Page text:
Games to Watch. The MAC has a fair number of televised games this year, so you can actually watch some of these, as opposed to watching for them. Keep in mind the unbalanced sixteen-game schedule.
Kent St. @ Miami (OH) (01.17.08) & Miami (OH) @ Kent St. (03.04.08)
Central Michigan @ Western Michigan (01.22.08) ESPNU & Western Michigan @ Central Michigan (03.04.08)
ESPNU Bracketbusters (02.23.08)
MAC Championship Game (03.15.08) ESPN2
RPI Booster Games. Like the Big West, the MAC doesn’t play a lot of BCS teams, largely because they want home-and-homes and the higher profile schools aren’t willing to risk a loss when they get a Southland or Sun Belt team to take the one-game lump payment along with their whipping. Last year the league was 4-25 (.138) against BCS teams, and there are 21 such games on the schedule this year (along with quite a few mid-major games). Oh, and who does Ohio U. know at ESPN – they’re scheduled to be on the family of networks at least nine times this year!
New Mexico St. @ Ohio (11.09.07) ESPN FC
Western Michigan @ Oregon (11.10.07) ESPN FC
Vanderbilt @ Toledo (11.13.07)
Davidson @ Western Michigan (11.21.07)
Central Michigan @ Minnesota (11.24.07) ESPN 360
Eastern Michigan @ Notre Dame (12.01.07)
Miami (OH) @ Louisville (12.01.07) ESPN FC
Ohio @ Kansas (12.15.07) ESPN2
Western Michigan @ S. Illinois (12.18.07)
Kent St. @ UNC (01.02.08) ESPN
Odds of Multiple NCAA Bids. There’s always a reasonable shot for the MAC to get multiple bids, but we wouldn’t call those odds good this year. Looking at what happened to Akron last year suggests that the only team that would have a shot at an at-large would be Miami (OH) if they had a great record and lost in the conference tournament.
Neat-o Stat. There are three new and somewhat accomplished coaches coming into the MAC this season – Ricardo Patton (Northern Illinois), formerly of Colorado where he took the Buffs to 2 NCAAs and 4 NITs in eleven seasons; Louis Orr (Bowling Green), formerly of Seton Hall where he took the Pirates to 2 NCAAs and 1 NIT in five seasons; and Billy Taylor (Ball St.), formerly of Lehigh who is taking over from the troubled tenure of Ronny Thompson there.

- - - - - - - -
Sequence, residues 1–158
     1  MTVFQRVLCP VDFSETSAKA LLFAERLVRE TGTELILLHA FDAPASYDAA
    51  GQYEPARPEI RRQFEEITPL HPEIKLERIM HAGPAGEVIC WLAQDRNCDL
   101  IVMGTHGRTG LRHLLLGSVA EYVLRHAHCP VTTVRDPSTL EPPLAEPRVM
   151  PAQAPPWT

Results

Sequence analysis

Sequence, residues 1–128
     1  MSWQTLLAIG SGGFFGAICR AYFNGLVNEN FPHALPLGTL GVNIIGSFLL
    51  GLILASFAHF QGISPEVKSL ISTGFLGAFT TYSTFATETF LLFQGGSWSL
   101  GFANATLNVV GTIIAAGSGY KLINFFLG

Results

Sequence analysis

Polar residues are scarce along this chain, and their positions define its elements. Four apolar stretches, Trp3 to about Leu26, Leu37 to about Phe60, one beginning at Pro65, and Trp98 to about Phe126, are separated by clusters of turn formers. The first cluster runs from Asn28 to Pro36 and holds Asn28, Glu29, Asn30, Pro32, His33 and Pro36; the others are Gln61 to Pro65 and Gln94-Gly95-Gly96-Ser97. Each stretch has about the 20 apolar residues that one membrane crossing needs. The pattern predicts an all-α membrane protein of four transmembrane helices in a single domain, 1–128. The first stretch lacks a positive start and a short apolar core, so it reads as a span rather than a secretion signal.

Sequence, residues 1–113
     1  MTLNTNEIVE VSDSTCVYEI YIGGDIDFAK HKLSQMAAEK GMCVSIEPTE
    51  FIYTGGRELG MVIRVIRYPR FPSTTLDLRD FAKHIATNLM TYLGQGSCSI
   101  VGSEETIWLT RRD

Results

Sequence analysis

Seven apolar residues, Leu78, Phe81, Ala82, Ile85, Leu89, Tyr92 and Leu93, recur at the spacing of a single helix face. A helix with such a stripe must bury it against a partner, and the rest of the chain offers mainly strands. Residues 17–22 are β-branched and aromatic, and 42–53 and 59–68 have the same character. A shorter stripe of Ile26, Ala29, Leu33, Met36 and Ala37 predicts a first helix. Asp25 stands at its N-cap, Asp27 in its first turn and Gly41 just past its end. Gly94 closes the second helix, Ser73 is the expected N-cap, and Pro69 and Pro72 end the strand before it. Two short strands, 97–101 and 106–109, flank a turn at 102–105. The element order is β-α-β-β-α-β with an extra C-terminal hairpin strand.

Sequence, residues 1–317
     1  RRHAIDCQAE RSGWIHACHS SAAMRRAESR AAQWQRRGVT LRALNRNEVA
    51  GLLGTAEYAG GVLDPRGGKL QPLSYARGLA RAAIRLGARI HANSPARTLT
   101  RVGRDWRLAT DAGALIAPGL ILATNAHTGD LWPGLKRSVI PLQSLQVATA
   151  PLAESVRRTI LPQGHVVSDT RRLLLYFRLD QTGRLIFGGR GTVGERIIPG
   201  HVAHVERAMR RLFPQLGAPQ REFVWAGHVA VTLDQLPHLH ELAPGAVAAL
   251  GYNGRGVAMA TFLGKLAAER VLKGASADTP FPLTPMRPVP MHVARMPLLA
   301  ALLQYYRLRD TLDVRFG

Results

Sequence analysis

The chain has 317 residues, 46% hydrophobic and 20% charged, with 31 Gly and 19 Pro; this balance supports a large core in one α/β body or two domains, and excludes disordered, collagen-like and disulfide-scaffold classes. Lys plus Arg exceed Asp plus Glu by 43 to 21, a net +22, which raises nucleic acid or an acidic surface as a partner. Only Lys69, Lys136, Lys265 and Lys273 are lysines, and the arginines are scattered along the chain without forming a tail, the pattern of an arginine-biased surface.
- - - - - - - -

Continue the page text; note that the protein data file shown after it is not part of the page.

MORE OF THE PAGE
64/65-Team Era. As we alluded to above, the MAC can make a reasonable case for inclusion into the mid-major category (we define a mid-major conference as one that consistently competes for and receives at-large NCAA bids, minus the BCS conferences). Despite overachieving when MAC teams make the NCAA Tourney with four teams making the Sweet 16 or better (Kent St. in 2002), it still only has had five years of multiple bids (two each time – 1985, 1986, 1995, 1998, 1999) in this era. And as you can see, none have occurred during the 2000s. For now, let’s enjoy the ending of last year’s MAC Championship game. Bedlam.
Final Thought. The conference is very balanced, as five different programs have tasted the NCAA over the last five years, and only twice has a school had the good fortune to go B2B in winning the conference crown (Ball St. – 1989 & 1990; Kent St. – 2001 & 2002). So it should be no surprise if someone besides Miami (OH) steps up and takes the title this year. Befitting a conference that has quality depth, we see no fewer than six teams that could make a legitimate run at the conference championship, and a couple more who could easily act the role of spoilers. As always, the MAC plays quality basketball and is worth catching when you get a chance.